That burst of initial exhilaration, pulse quickening love and passion does not last long. But that doesn’t mean long-lasting love is not possible.

Love is not just a feeling; it’s a choice that you make every day. We have to choose to let annoyances pass, to forgive, to be kind, to respect, to support, to be faithful.

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Relationships take work. Sometimes it’s easy and sometimes it’s incredibly hard. It is up to us to choose how we want to act, think and speak in a relationship.

9. Perspective Is a Beautiful Thing

Typically, when we’re worried or upset, it’s because we’ve lost perspective. Everything that is happening in our lives seems so big, so important, so do or die, but in the grand picture, this single hiccup often means next to nothing.

The fight we’re having, the job we didn’t get, the real or imagined slight, the unexpected need to shift course, the thing we wanted, but didn’t get. Most of it won’t matter 20, 30, 40 years from now. It’s hard to see long term when all you know is short term, but unless it’s life-threatening, let it go, and move on.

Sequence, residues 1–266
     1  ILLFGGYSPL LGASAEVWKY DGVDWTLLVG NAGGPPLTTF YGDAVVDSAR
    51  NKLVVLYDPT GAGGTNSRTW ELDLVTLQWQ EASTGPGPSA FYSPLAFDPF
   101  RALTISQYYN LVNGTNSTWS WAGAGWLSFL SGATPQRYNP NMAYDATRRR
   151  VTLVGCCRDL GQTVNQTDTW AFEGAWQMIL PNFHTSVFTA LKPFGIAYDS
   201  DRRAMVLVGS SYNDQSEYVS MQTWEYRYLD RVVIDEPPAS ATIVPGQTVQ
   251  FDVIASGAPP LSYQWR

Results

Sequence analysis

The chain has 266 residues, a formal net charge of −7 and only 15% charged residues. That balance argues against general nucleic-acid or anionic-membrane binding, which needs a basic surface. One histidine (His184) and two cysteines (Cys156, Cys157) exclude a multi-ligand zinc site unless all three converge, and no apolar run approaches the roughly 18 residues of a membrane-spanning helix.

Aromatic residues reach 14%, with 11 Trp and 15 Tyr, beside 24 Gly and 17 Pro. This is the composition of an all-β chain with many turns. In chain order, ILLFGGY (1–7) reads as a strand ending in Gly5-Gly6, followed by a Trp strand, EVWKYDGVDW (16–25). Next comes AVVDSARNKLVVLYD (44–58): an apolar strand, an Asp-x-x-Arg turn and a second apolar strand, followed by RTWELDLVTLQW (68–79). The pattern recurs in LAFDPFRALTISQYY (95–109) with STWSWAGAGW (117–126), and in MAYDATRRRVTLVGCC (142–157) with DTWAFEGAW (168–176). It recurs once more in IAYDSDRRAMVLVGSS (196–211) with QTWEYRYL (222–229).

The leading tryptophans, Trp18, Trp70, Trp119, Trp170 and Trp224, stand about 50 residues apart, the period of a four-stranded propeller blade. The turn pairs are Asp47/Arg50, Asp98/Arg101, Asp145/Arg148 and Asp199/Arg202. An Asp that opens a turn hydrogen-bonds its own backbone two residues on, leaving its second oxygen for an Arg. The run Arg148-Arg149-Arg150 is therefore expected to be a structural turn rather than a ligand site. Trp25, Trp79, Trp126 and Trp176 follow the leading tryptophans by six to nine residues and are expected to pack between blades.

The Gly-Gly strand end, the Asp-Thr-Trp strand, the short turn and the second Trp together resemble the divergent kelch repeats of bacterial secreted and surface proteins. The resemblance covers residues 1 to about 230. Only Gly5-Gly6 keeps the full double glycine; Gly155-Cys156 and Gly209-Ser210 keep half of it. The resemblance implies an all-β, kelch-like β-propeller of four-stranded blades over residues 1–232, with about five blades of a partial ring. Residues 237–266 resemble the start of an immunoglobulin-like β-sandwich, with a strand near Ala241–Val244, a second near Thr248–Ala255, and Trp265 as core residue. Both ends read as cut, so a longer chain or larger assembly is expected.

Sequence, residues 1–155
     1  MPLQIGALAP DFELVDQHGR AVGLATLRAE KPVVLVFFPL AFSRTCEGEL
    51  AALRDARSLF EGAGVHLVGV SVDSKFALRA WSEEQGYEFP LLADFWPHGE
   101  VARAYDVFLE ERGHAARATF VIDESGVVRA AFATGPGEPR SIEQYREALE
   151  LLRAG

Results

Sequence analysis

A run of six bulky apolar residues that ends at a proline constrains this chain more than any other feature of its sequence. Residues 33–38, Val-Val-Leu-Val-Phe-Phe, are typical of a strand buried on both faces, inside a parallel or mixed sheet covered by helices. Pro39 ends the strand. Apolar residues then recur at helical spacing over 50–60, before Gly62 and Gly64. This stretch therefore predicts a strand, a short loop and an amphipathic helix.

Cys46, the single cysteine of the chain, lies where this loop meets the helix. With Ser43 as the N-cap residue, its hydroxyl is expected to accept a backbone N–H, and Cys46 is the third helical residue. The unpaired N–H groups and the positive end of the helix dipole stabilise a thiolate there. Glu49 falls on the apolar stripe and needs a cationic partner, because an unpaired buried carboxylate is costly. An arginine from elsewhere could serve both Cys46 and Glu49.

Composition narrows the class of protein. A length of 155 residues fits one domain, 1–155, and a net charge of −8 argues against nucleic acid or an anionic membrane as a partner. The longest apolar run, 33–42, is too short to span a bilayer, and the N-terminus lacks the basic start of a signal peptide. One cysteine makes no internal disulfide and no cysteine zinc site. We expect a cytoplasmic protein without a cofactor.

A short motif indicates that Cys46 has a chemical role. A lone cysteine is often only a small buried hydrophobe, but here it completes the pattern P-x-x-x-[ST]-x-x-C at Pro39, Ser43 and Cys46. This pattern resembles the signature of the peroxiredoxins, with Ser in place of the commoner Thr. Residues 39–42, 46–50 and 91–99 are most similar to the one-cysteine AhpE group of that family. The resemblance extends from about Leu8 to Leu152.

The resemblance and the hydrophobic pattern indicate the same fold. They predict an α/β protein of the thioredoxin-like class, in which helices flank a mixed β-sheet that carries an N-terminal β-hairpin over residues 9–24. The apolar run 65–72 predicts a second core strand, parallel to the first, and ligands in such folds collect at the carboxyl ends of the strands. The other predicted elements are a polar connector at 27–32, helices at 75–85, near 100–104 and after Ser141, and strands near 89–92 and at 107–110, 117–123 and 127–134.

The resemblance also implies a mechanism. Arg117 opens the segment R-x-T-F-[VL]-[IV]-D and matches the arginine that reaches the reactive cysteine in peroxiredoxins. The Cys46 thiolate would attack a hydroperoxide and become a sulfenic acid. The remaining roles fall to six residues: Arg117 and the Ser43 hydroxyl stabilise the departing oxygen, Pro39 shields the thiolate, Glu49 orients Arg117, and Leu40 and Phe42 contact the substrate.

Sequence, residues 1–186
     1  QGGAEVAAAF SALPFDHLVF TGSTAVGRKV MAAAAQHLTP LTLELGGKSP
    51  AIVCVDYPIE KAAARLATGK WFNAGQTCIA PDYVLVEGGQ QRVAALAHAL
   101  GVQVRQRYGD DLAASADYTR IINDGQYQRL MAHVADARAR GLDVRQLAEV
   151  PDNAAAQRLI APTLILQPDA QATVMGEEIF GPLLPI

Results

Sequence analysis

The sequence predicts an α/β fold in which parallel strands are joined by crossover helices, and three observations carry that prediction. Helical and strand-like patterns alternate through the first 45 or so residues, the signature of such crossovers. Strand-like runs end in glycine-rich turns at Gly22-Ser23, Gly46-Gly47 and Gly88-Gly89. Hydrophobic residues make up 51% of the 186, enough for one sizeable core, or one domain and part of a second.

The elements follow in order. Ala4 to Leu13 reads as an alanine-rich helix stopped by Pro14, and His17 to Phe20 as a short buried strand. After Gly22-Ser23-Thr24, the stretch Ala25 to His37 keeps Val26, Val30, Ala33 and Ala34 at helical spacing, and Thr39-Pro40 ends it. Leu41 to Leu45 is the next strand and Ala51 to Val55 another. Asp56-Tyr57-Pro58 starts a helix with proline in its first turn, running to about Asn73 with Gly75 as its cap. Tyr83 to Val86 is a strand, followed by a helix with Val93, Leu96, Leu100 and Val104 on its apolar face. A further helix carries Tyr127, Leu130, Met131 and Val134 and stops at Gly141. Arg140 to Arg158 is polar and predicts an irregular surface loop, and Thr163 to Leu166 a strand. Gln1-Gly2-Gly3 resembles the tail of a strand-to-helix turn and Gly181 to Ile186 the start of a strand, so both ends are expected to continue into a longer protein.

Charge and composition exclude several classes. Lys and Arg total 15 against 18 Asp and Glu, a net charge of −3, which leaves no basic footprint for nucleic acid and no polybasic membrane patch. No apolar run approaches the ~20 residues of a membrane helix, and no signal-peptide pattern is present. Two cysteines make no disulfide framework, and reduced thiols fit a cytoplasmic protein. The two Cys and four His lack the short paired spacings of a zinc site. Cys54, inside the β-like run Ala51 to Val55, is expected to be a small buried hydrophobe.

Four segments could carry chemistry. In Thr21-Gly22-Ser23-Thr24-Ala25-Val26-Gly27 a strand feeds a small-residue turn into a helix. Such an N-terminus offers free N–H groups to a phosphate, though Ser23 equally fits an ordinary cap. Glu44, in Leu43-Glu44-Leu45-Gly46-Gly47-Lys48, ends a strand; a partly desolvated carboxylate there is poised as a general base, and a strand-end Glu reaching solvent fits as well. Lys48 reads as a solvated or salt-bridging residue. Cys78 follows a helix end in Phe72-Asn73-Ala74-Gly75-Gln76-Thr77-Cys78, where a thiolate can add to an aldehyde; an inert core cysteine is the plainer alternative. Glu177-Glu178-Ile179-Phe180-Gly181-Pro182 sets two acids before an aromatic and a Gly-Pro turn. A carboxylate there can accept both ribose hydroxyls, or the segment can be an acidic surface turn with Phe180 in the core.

10. Don’t Take Anything for Granted

We often don’t appreciate what we have until it’s gone: that includes your health, your family and friends, your job, the money you have or think you will have tomorrow.

When you’re young, it seems that your parents will always be there, but they won’t. You think you have plenty of time to get back in touch with your old friends or spend time with new ones, but you don’t. You have the money to spend, or you think you’ll have it next month, but you might not.

Nothing in your life is not guaranteed to be there tomorrow, including those you love.

This is a hard life lesson to learn, but it may be the most important of all: Life can change in an instant. Make sure you appreciate what you have, while you still have it.

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Featured photo credit: Ben Eaton via unsplash.com